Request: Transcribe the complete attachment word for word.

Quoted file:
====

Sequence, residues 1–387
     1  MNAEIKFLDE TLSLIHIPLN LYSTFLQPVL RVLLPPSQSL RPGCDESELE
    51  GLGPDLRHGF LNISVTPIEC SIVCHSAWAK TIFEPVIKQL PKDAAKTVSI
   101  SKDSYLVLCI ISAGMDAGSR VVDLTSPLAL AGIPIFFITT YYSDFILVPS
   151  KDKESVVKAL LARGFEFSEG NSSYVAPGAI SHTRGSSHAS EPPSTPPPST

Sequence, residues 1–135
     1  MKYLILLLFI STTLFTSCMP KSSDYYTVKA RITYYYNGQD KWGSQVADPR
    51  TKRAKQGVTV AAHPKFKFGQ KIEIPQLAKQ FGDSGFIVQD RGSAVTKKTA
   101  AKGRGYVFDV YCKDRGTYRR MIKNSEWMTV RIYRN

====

Sequence, residues 1–387
     1  MNAEIKFLDE TLSLIHIPLN LYSTFLQPVL RVLLPPSQSL RPGCDESELE
    51  GLGPDLRHGF LNISVTPIEC SIVCHSAWAK TIFEPVIKQL PKDAAKTVSI
   101  SKDSYLVLCI ISAGMDAGSR VVDLTSPLAL AGIPIFFITT YYSDFILVPS
   151  KDKESVVKAL LARGFEFSEG NSSYVAPGAI SHTRGSSHAS EPPSTPPPST

Sequence, residues 1–135
     1  MKYLILLLFI STTLFTSCMP KSSDYYTVKA RITYYYNGQD KWGSQVADPR
    51  TKRAKQGVTV AAHPKFKFGQ KIEIPQLAKQ FGDSGFIVQD RGSAVTKKTA
   101  AKGRGYVFDV YCKDRGTYRR MIKNSEWMTV RIYRN